The Biomedical Learning Institute is accredited by the Accreditation Council for Continuing Medical Education to provide continuing medical education for physicians.

The Biomedical Learning Institute designates this enduring material for a maximum of 8 AMA PRA Category 1 Credits™. Physicians should only claim credit commensurate with the extent of their participation in the activity.

CME Certificate or Certificate of Participation

The relevant section(s) of the Evaluation Form pertaining to the session(s) of the enduring materials you have viewed or listened to, and the Request for Credit Form must be completed and submitted to the Biomedical Learning Institute following your participation in the enduring material educational activity to obtain CME credit. Physicians and other participants will be able to print their certificates after they complete these Forms.
Faculty Affiliations and Disclosures

Arti Hurria, MD (Co-Chair)
Associate Professor of Medicine
Director, Cancer and Aging Research Program
Department of Medical Oncology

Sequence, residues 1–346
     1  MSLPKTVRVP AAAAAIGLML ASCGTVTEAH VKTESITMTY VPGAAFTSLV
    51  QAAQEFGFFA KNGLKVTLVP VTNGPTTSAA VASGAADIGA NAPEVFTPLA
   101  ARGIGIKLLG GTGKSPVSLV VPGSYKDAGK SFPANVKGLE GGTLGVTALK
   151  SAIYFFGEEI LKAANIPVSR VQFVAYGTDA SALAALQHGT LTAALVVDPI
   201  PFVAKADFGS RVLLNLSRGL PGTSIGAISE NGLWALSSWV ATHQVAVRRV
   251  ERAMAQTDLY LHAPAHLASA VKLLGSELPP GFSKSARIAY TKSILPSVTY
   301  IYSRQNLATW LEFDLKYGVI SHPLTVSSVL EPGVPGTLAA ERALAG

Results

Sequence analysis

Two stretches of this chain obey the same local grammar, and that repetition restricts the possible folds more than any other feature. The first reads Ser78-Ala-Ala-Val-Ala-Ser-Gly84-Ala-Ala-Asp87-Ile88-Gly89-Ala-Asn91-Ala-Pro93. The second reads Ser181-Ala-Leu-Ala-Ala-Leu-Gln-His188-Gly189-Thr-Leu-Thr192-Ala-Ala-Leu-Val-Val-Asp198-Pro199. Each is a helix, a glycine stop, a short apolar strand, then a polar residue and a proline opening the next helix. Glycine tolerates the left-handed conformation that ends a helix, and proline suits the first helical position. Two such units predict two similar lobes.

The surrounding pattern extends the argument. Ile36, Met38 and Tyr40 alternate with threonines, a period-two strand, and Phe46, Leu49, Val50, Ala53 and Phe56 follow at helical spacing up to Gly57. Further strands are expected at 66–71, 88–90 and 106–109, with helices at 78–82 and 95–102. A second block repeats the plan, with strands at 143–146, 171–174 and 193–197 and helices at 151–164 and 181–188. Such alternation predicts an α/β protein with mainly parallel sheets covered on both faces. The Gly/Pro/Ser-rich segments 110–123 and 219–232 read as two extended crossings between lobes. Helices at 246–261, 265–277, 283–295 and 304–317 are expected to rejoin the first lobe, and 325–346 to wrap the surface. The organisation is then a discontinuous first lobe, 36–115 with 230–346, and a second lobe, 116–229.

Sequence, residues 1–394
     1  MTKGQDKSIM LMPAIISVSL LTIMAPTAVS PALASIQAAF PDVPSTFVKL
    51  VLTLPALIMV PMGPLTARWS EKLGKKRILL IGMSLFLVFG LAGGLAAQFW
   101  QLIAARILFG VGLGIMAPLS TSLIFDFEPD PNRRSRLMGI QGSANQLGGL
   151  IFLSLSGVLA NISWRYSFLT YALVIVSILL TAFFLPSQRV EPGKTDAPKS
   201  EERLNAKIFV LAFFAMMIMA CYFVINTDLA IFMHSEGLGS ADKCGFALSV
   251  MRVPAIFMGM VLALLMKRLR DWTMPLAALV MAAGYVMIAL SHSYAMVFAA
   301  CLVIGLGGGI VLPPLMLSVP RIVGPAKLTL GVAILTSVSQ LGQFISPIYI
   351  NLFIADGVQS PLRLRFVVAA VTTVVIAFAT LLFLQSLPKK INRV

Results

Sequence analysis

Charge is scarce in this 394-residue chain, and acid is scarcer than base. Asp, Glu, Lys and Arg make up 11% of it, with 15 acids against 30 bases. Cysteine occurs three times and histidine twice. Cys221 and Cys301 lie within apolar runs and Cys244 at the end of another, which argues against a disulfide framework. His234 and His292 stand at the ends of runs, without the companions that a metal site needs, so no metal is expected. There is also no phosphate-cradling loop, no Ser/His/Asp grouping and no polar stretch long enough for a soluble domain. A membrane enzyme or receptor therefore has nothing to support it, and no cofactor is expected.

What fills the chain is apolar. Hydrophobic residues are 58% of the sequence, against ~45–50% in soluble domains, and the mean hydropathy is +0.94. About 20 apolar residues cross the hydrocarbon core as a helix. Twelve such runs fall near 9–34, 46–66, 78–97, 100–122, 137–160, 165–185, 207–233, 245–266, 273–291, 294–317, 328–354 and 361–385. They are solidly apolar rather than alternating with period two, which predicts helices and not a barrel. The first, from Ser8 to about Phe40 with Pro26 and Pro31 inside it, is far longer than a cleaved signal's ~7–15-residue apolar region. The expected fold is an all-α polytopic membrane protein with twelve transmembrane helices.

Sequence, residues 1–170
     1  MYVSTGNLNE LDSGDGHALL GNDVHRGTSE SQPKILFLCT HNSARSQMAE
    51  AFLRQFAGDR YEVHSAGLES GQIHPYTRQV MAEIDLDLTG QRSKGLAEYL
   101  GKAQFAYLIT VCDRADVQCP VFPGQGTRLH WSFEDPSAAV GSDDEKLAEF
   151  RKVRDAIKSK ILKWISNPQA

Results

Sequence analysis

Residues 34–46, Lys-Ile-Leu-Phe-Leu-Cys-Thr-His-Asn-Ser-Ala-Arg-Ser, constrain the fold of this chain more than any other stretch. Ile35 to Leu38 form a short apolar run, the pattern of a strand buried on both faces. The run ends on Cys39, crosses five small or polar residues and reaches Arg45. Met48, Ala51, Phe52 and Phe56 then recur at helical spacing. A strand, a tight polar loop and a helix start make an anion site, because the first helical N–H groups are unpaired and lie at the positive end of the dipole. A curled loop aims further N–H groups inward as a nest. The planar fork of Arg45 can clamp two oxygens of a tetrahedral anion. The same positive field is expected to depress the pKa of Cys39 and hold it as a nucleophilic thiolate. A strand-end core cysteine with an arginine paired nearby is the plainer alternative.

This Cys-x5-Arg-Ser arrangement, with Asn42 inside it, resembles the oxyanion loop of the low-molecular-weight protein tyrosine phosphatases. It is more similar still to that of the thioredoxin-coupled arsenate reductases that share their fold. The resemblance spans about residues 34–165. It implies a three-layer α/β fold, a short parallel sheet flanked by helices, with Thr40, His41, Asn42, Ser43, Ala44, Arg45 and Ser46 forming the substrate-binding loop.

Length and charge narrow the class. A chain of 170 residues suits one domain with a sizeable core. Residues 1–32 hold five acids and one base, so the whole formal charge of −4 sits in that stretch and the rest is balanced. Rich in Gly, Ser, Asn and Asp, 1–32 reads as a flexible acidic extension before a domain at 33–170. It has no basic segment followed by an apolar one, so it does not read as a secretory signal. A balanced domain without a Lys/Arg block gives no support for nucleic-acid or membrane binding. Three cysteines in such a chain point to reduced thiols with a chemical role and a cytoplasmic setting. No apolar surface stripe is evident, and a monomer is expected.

City of Hope
Duarte, CA
Editor-in-Chief, Journal of Geriatric Oncology

Consulting Fees: GTX, Seattle Genetics
Contracted Research: GSK, Celgene

  Michael J. Keating, MB, BS
Professor of Medicine and Internist
Department of Leukemia
Division of Cancer Medicine
The University of Texas MD Anderson Cancer Center
Houston, TX

Consulting Fees: Roche, Celgene, GSK
Fees for Non-CME Services Received Directly from Commercial Interest or their Agents: Xcenda
I intend to reference unlabeled/unapproved uses of drugs or products in my presentation.

Hyman B. Muss, MD (Co-Chair)
Professor of Medicine and Oncology
Director, Geriatric Oncology Program
University of North Carolina
Lineberger Comprehensive Cancer Center
Chapel Hill, NC

Consulting Fees: Wyeth/Pfizer, Eisai
Other: Member of the Board of Directors for Society of Translational Oncology (Treasurer)